Wednesday, 27 October 2010

How do you define a good community?

I was talking on Sunday about our community and how it feels. I was wondering out loud about how to encapsulate what made it so welcoming and inspiring. This reminded me of when I did an evaluation of a regeneration scheme which was very successful - everyone said that the one factor above all that made it good was Eric the programme manager who had led the project from day one. Given that there was only one Eric I needed to talk to people about what it was about Eric that made him such an effective leader if we were to find similar staff to run schemes. When I had finished I was not certain that I had the essence of Eric - but I was getting close.

And so it is when we try to encapsulate the best of our communities - there are things which we can explain - how people are welcoming and then describing what welcoming actually means: how people are generous - with their time, their money, their resources and their smiles; how people approach difficulties - being committed to resolving conflict without feeling hard-done to at the end of the resolution; being mindful of the needs of others; being committed to making changes if things aren't working well; and I guess some other characteristics. Whilst we can describe all of this, it is how to make it real that is the hard bit.

I feel that there is a spiritual imperative to invest time and energy into my chosen faith community. The choice that I/we make is whether to commit or not to commit - if we decide to commit then we should be prepared to do what it takes.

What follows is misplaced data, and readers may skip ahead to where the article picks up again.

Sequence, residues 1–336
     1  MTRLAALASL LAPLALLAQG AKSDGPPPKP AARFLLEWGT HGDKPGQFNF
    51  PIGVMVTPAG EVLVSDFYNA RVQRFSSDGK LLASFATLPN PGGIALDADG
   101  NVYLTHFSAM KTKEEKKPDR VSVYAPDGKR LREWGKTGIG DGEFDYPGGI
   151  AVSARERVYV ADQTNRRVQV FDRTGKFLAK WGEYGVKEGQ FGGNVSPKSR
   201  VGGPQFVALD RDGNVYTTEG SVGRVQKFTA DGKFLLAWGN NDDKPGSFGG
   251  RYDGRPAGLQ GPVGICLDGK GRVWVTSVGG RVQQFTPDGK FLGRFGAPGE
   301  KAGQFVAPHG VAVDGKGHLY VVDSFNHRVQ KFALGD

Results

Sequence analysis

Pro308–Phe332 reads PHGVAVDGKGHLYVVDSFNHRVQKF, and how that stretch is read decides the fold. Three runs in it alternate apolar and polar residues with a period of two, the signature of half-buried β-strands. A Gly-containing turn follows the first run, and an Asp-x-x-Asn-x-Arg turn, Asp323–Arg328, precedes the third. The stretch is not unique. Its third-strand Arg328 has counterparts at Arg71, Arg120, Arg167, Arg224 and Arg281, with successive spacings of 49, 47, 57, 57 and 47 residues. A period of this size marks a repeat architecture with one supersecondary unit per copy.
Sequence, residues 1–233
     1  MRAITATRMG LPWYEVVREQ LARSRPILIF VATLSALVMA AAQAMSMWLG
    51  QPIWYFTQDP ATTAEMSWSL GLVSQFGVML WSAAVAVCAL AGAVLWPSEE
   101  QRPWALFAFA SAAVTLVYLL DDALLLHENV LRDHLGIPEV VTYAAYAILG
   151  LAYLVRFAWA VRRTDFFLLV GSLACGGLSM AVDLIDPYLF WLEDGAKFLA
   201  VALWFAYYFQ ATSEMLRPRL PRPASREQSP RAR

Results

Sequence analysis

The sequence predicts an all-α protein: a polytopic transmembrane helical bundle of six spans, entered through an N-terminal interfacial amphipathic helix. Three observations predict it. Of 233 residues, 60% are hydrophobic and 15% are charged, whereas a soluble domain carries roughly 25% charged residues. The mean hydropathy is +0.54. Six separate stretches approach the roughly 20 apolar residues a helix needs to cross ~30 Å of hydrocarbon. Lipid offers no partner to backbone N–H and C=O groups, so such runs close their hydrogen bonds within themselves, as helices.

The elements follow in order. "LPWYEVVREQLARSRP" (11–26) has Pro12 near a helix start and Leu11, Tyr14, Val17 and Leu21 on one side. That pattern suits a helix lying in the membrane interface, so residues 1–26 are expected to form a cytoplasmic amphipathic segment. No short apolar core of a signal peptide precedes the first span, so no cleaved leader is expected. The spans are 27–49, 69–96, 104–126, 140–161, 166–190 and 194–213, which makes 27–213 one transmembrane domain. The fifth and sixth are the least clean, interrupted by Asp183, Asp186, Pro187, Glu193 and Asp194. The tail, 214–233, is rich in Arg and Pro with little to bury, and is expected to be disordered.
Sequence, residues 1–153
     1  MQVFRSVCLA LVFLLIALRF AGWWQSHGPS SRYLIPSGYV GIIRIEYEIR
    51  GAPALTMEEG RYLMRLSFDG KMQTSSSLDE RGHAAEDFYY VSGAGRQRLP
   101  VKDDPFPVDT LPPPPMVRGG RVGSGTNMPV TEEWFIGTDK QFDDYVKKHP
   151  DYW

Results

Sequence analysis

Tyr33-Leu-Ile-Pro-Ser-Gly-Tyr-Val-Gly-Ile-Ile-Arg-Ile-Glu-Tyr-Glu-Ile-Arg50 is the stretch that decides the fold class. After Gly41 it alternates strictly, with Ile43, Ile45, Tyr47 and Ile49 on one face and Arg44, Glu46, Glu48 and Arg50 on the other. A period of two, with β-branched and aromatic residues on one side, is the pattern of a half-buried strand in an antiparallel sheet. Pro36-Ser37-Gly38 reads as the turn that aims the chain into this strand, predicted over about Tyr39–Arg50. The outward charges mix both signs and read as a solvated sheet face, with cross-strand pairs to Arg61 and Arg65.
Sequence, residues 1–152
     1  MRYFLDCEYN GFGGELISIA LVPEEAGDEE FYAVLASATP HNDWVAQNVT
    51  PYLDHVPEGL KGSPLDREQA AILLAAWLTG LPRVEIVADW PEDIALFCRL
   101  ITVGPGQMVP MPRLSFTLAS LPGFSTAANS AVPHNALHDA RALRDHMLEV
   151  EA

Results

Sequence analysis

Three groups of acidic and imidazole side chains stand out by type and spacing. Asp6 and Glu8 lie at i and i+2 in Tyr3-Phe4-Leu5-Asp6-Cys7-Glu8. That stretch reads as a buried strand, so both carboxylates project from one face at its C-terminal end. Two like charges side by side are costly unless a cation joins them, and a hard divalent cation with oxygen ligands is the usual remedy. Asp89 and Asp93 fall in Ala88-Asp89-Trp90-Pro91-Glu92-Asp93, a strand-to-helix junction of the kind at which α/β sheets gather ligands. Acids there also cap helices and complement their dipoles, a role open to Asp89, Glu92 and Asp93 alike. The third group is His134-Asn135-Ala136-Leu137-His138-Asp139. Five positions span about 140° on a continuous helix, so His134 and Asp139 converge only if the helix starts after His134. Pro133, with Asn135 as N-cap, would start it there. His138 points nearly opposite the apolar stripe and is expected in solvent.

Tuesday, 19 October 2010

What is a community?

I have been away for two weeks with my sister who lives in Australia - we did not grow up together as our connection is through my father who lived with his second family many miles away leaving the UK for good when my sister was 14. We have re-established our family link over the last ten years. I have been to Australia several times and on two occasions stayed with her and this is the second time that she has visited me. This time we had a 12-day tour around the country - almost 24-hours a day with each other and it was all very easy. The biology of our shared genes shows up when we think the same thoughts and like the same food - and our differences reflect our uniqueness, our different genes and our different experiences.

I love having a sister, having grown up with a clutch of brothers (brother, half-brother and step-brothers). My half-brother whose father was my step-father shares no blood with my sister but they consider themselves related. They have never lived together indeed they have only seen each other twice but they connect via Facebook. My sister's mother died several years ago and she is very fond of my mother so is adopting her as a surrogate Mum. When my Dad (step-father) was alive my sister and her daughter visited my Mum and Dad and he behaved like a Dad and a Grandad towards them.

As an aside my daughter has a cousin who is my step-brother's step-son's step-daughter - we can decide ourselves to make relationships meaningful and recognise that love is more important than blood.

So with thoughts in my mind about what a family is, I am reminded and return to the beginning to reflect again on what a community is. Do we have to share a theology? Do we have to share experiences of a Sunday service? Do we need to share personality traits? Or do we just meet in the middle in a bit of a mess - being happy to be within this thing that we call a Unitarian community - moved by the feeling that love is more important than theology.